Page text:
In his research W. Marzęda, PhD attempts to check if deictically contradictory sentences that are grammatically correct but do not form a coherent whole and are unintelligible (e.g. descending up the stairs), evoke other EEG values than anacoluthons that can be understood despite violating grammatical rules (e.g. my want give your present). Research findings can confirm or disprove the embodied simulation hypothesis.
‘I coined the term deictic contradiction. As far as I know, it does not occur anywhere in the literature’, admits the scientist. ‘A contradiction in logic is when we have a conjunction of a sentence with its negation. Here, however, the contradiction is understood a little more broadly.
The deixis is part of the language used to indicate; it is divided into personal, temporal, spatial and social. These are primarily pronouns, adverbs, and demonstratives, e.g. ‘here’, ‘now’, ‘tomorrow’, ‘I’, ‘you’, and ‘Mrs’. These are the elements of language whose understanding requires being in a given situation’, says W. Marzęda, PhD. ‘The word ‘I’ is used by everyone, but it is only when it is uttered that we know to whom it refers. Deictic contradictions are expressions, which block understanding. A simple example is the disruption of the noun-verb agreement. We can say ‘people are walking’ but not ‘people walks’, explains the researcher.
The USil scientists is particularly interested in expressions in which the simulation embodied vectors are distorted. Examples may include: ‘Descending up the stairs’ and ‘I am standing in a meadow and my arms are danging upwards’. Such situations are hard to imagine. ‘If the simulation hypothesis is correct, then we should not be able to understand these sentences’, admits W. Marzęda, PhD.
The researcher attempts to determine, based on EEG readings, what is the difference in our understanding of correct sentences, anacoluthons (syntactically incorrect), and deictically contradictory sentences. In his opinion, the graph should show interesting waveforms. ‘There is this research by Marta Kutas from the University of California, which shows the famous N400 waveform. It appears when the sentence loses its meaning or does not develop in the way we have expected’, says the winner of the ‘Freedom of Research’ call for proposals. A classic example is: ‘The pizza was too hot to scream’. The graph shows the N400 waveform when we reach the word ‘scream’.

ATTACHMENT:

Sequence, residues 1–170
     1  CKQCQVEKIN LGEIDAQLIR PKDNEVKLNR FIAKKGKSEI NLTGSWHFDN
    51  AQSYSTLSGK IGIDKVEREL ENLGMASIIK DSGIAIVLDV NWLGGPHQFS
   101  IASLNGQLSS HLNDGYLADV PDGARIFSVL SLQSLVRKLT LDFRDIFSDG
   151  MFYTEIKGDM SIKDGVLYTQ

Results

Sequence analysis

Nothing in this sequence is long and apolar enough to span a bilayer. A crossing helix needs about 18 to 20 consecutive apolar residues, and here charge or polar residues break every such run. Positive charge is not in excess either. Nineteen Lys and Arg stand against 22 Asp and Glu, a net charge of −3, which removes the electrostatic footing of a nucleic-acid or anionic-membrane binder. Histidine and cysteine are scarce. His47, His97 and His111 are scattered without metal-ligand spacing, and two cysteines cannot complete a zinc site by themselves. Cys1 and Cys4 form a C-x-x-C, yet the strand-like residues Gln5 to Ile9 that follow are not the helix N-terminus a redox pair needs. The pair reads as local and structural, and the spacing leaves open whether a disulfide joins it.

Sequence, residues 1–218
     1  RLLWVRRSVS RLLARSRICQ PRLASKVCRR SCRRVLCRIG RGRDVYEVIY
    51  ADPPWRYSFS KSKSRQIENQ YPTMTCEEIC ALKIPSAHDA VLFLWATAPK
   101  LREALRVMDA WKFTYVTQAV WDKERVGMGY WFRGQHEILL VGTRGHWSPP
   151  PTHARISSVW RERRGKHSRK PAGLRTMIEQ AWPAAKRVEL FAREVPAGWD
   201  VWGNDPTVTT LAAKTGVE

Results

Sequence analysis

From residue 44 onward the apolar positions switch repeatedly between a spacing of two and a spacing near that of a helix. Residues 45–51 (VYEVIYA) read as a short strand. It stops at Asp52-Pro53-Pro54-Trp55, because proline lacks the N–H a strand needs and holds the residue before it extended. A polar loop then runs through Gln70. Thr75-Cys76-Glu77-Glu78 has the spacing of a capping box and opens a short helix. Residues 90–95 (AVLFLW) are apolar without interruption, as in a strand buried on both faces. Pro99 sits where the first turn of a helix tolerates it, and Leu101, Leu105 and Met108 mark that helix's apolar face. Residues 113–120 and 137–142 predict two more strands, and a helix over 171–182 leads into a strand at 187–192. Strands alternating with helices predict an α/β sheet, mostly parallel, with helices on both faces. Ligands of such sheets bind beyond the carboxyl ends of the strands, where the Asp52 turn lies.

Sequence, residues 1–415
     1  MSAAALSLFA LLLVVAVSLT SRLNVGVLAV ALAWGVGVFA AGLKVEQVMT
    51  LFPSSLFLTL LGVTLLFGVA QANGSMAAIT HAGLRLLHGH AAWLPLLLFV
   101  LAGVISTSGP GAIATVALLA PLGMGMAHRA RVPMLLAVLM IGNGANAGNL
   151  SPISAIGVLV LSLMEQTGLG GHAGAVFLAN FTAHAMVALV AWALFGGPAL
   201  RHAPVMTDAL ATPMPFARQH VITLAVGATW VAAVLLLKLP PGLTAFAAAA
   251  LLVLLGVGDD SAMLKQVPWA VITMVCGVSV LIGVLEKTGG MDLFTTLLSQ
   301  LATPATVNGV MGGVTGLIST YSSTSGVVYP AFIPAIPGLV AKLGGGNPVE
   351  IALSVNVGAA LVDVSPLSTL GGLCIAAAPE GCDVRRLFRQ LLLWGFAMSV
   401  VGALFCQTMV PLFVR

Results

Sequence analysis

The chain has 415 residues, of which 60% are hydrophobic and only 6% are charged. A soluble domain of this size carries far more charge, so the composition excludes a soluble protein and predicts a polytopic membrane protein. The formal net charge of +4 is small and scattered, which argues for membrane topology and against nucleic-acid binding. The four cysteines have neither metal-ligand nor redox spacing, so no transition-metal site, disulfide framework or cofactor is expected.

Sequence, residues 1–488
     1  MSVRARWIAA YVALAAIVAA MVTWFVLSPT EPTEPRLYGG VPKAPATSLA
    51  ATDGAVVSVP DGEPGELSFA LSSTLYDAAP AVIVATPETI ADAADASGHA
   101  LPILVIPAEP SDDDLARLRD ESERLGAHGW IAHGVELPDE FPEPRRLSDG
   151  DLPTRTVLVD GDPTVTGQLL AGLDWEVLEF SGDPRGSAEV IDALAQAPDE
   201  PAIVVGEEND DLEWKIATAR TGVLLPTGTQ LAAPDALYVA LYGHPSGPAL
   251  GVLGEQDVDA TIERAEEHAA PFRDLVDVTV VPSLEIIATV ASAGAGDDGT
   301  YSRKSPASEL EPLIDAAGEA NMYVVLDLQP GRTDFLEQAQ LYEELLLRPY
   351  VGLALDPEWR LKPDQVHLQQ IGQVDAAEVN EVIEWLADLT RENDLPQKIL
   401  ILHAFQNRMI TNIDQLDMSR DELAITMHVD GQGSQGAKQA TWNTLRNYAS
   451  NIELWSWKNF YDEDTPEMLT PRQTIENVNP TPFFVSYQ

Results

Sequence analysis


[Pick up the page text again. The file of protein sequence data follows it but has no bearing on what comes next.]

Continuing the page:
Doing research on the deictic contradictions is by no means easy. W. Marzęda, PhD, admits that the sentences are often quite long — usually, you need around one to two seconds to utter them. EEG, however, works on quick stimuli. Therefore, the language material must be carefully prepared.
‘Anacolutes and deictic contradictions are something I would like to research, says the USil scientist. ‘In the long term, I would like to look into the philosophical hypothesis that the knowledge of when is now, before, where is up, down, who is who in my flock, i.e. the ability to orient myself in time, space, and social space, is what is commonly called consciousness’. If the EEG study is successful and shows that deixis is a key element of language, then I would like to prove that understanding or having deictic competence is actually the same thing as what we colloquially call consciousness, adds W. Marzęda, PhD.
Recently, a cognitive science lab allowing scientists to conduct advanced research was established at the University of Silesia. Among other things, it houses EEG equipment to be used by the employees of the University of Silesia.